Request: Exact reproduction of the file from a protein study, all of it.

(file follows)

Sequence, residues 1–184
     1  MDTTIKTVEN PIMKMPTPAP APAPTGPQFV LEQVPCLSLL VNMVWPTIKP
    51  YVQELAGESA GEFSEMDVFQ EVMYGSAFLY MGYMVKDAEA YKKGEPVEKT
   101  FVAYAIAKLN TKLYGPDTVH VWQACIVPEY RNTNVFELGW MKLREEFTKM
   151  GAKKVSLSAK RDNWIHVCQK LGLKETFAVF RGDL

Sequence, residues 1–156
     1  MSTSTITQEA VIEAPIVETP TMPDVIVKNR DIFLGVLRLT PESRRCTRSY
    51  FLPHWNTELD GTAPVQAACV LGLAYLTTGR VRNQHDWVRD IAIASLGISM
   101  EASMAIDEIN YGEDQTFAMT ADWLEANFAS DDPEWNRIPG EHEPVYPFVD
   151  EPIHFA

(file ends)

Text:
Sequence, residues 1–184
     1  MDTTIKTVEN PIMKMPTPAP APAPTGPQFV LEQVPCLSLL VNMVWPTIKP
    51  YVQELAGESA GEFSEMDVFQ EVMYGSAFLY MGYMVKDAEA YKKGEPVEKT
   101  FVAYAIAKLN TKLYGPDTVH VWQACIVPEY RNTNVFELGW MKLREEFTKM
   151  GAKKVSLSAK RDNWIHVCQK LGLKETFAVF RGDL

Sequence, residues 1–156
     1  MSTSTITQEA VIEAPIVETP TMPDVIVKNR DIFLGVLRLT PESRRCTRSY
    51  FLPHWNTELD GTAPVQAACV LGLAYLTTGR VRNQHDWVRD IAIASLGISM
   101  EASMAIDEIN YGEDQTFAMT ADWLEANFAS DDPEWNRIPG EHEPVYPFVD
   151  EPIHFA